WEATHER: Philadelphia: p.m. thunderstorms, high of 89; Harrisburg: p.m. thunderstorms, high of 87; Pittsburgh: partly cloudy, high of 86.

 

NEW THIS MORNING:

* The Pennsylvania Supreme Court on Friday dismissed a challenge to the governor’s statewide moratorium on foreclosures and evictions, leaving in place an order that shields renters from losing their homes for failing to pay rent during the pandemic, the AP reports.

* Pennsylvania will foot the cost of postage for voters to mail in ballots in November’s general election, officials said Friday, a move that Gov. Tom Wolf has made a priority as the coronavirus pandemic unexpectedly fueled high interest in voting by mail under a new state law, the AP reports.

* While other courthouses around the region have reopened for many types of proceedings, and some New Jersey courts are planning to resume jury trials, defense lawyers and prosecutors say Philadelphia’s criminal court is struggling to restart operations at any significant scale. Until last week, it had not resumed preliminary hearings – at which prosecutors must show evidence the defendant committed a crime – let alone trials. And lawyers worry that returning to the courthouse puts them at risk, the Inquirer reports.

* Senior citizens and suburban voters are sinking President Donald Trump’s campaign across the country, but in Pennsylvania – home to one of the largest populations of residents age 65 or older and where suburbanites comprise more than half of the electorate – their defection to Joe Biden is hurting Trump even more acutely, Politico reports.

* Philadelphia stands apart from other major cities in terms of the sheer number of complaints its most troubled police receive – and the lack of transparency around these records. In Boston, the most oft-cited officers draw around one complaint per year. Derek Chauvin, the former police officer who killed George Floyd in Minneapolis, also averaged about one complaint annually during his 20-year career. In Philadelphia, meanwhile, at least 56 cops hit or exceeded that once-a-year average, with the worst accruing more than three complaints every year, Billy Penn reports.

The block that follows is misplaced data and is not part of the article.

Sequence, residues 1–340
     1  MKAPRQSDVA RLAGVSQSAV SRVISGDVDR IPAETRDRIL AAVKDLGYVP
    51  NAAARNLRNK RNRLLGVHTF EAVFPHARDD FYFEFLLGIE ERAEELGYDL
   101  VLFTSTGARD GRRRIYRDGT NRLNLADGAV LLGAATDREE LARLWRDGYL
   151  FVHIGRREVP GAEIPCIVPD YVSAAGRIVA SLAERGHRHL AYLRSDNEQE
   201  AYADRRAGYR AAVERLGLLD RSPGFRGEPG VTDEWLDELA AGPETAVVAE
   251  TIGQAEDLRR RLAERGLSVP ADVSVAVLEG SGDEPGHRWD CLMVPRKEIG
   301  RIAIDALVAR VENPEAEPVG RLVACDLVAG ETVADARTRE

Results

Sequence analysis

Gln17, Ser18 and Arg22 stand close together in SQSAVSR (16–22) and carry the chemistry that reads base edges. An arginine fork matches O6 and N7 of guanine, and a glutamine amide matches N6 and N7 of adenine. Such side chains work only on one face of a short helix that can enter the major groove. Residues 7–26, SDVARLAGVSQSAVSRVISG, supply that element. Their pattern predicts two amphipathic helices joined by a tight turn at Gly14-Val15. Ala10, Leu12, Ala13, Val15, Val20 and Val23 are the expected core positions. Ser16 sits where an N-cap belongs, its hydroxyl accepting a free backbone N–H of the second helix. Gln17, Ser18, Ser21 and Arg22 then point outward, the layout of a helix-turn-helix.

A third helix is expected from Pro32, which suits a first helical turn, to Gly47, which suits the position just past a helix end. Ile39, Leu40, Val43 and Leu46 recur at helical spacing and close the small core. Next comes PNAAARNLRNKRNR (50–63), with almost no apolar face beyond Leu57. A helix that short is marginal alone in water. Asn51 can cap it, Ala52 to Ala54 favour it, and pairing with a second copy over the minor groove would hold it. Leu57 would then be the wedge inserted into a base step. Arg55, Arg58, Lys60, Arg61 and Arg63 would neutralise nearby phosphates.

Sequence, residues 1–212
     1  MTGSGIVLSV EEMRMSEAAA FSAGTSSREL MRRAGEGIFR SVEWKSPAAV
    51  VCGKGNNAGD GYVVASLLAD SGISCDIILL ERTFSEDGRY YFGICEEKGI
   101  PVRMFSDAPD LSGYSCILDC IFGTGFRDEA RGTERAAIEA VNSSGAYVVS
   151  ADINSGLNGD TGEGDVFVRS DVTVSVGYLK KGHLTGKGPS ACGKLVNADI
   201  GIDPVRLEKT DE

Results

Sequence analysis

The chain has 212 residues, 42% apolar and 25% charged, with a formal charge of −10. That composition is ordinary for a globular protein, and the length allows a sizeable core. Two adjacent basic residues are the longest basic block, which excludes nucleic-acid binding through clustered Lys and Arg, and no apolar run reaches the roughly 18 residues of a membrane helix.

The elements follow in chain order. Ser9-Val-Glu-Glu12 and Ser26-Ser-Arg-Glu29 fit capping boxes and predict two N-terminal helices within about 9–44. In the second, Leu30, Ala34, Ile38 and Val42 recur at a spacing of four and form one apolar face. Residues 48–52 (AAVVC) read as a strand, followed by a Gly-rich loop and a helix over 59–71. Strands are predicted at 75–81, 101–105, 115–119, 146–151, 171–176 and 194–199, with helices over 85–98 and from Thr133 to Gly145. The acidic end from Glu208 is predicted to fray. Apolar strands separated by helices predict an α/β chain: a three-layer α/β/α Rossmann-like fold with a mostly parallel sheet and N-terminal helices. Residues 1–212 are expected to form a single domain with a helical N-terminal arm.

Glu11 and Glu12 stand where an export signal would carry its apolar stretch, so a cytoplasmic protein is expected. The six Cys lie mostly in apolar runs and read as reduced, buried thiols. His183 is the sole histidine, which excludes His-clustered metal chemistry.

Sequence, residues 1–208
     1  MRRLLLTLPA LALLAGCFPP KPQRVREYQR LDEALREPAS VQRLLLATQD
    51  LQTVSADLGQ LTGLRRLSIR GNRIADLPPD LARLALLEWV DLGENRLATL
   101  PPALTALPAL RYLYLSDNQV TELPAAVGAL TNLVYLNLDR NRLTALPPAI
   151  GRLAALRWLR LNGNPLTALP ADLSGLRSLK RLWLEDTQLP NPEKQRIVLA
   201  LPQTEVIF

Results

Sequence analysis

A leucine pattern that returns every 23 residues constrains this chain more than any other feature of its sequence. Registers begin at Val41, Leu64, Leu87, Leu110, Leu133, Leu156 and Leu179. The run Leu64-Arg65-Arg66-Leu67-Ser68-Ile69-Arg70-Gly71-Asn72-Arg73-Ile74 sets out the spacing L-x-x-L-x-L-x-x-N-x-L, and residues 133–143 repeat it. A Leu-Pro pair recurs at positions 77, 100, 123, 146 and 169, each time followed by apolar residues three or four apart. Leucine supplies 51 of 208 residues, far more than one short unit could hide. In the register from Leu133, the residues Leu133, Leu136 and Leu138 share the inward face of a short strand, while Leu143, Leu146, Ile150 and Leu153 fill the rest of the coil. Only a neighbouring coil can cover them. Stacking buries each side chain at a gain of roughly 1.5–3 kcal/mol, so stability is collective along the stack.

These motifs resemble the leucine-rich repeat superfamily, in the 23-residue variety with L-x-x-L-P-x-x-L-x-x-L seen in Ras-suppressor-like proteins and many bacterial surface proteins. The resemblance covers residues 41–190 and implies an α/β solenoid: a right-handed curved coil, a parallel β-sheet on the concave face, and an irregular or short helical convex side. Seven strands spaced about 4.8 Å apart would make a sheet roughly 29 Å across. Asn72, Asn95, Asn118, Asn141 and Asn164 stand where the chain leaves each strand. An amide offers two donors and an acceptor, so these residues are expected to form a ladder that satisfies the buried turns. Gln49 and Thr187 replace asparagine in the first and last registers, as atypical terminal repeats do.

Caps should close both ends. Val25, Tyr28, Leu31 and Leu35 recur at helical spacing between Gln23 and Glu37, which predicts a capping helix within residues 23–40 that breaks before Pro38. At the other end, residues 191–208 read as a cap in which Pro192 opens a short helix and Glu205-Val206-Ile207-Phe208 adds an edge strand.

* Pennsylvanians are worrying how they’ll pay bills now that the $600 in pandemic unemployment assistance expires, the Inquirer reports.

* Neighborhoods across the Philadelphia region are experiencing significant delays in receiving their mail, with some residents going upwards of three weeks without packages and letters, leaving them without medication, paychecks, and bills, the Inquirer reports.

* The weekly coronavirus update from state officials show a slight increase in cases for the seven-day period ending July 30. Confirmed cases increased by 218 during the period. The good news was the statewide percent-positivity rate went down to 4.6% from 4.7% the previous week. Counties with concerning percent-positivity rates, according to state health officials, include Lawrence (7.4%), Franklin (7.2%), Indiana (7.2%), Fayette (7.1%), Armstrong (7.0%), Beaver (6.5%), Delaware (6.5%), Allegheny (6.4%), Lancaster (5.8%) and Berks (5.6%), WITF reports.

* More than 4,300 people died from drug overdoses in Pennsylvania during 2019, according to a recent state Department of Health report – about a 1 percent decrease from the previous year – and an indication that the opioid crisis is far from over, according to people working in addiction recovery, WITF reports.

* The Pennsylvania Department of State on Saturday released a report on the June 2 presidential primary that includes recommendations for revamping the state’s election code ahead of the November general election. It also notes the legislature needs to act soon enough to allow any changes to state law to be effective by early September so that counties have time to implement them, WITF reports.

 

EDITORIAL PAGES:

* PennLive explains how a bigger, more sustainable funding stream is needed immediately if the state has any hope of preserving its forests and parks.

 

HAPPY BIRTHDAY: … Philadelphia City Commissioner Lisa Deeley … state Auditor General Eugene DePasquale … Want to wish someone a happy birthday in our newsletter? Email us their name, job title and upcoming birthday to editor@cityandstatepa.com

 

TODAY’S SKED:

10 a.m. - the PA Senate Majority Policy Committee will meet. Monongahela Valley Hospital, 1163 Country Club Road, Monongahela.

11 a.m. - the PA Senate Democratic Policy Committee will meet via Zoom. To attend remotely, click here.

1 p.m. - Governor Tom Wolf and Secretary of Health Dr. Rachel Levine will visit the Susquehanna Township Police Department to discuss the important roles education and understanding play in the enforcement of the various COVID-19 mitigation orders in place across the state. 1900 Linglestown Road, Harrisburg.

To have your events included in Today’s Sked, please email the information to editor@cityandstatepa.com.

 

KICKER: “Hating Joe Biden doesn’t juice up their base and their Fox News viewers the way going after Hillary and Nancy Pelosi and AOC do. You can make certain assumptions and wonder why that is. Is gender a factor? Is race a factor? I don’t know. I have certain suspicions.” U. S. Rep. Brendan Boyle. From Politico.